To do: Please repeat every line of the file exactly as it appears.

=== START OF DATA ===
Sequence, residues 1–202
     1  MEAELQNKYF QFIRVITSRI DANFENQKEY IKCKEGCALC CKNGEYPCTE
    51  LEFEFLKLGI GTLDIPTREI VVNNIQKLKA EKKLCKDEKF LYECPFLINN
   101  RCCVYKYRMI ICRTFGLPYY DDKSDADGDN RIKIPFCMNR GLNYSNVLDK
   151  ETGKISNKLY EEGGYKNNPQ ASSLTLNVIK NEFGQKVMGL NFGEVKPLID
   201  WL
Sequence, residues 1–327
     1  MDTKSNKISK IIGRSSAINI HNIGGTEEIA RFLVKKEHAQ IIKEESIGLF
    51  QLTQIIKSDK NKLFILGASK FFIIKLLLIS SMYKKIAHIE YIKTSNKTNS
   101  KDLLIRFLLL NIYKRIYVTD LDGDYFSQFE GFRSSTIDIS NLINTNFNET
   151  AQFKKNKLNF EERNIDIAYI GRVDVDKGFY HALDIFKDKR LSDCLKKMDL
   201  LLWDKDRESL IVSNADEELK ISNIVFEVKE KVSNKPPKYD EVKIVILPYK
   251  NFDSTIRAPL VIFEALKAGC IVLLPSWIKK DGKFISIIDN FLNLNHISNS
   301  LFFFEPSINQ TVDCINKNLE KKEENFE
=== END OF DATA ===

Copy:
Sequence, residues 1–202
     1  MEAELQNKYF QFIRVITSRI DANFENQKEY IKCKEGCALC CKNGEYPCTE
    51  LEFEFLKLGI GTLDIPTREI VVNNIQKLKA EKKLCKDEKF LYECPFLINN
   101  RCCVYKYRMI ICRTFGLPYY DDKSDADGDN RIKIPFCMNR GLNYSNVLDK
   151  ETGKISNKLY EEGGYKNNPQ ASSLTLNVIK NEFGQKVMGL NFGEVKPLID
   201  WL
Sequence, residues 1–327
     1  MDTKSNKISK IIGRSSAINI HNIGGTEEIA RFLVKKEHAQ IIKEESIGLF
    51  QLTQIIKSDK NKLFILGASK FFIIKLLLIS SMYKKIAHIE YIKTSNKTNS
   101  KDLLIRFLLL NIYKRIYVTD LDGDYFSQFE GFRSSTIDIS NLINTNFNET
   151  AQFKKNKLNF EERNIDIAYI GRVDVDKGFY HALDIFKDKR LSDCLKKMDL
   201  LLWDKDRESL IVSNADEELK ISNIVFEVKE KVSNKPPKYD EVKIVILPYK
   251  NFDSTIRAPL VIFEALKAGC IVLLPSWIKK DGKFISIIDN FLNLNHISNS
   301  LFFFEPSINQ TVDCINKNLE KKEENFE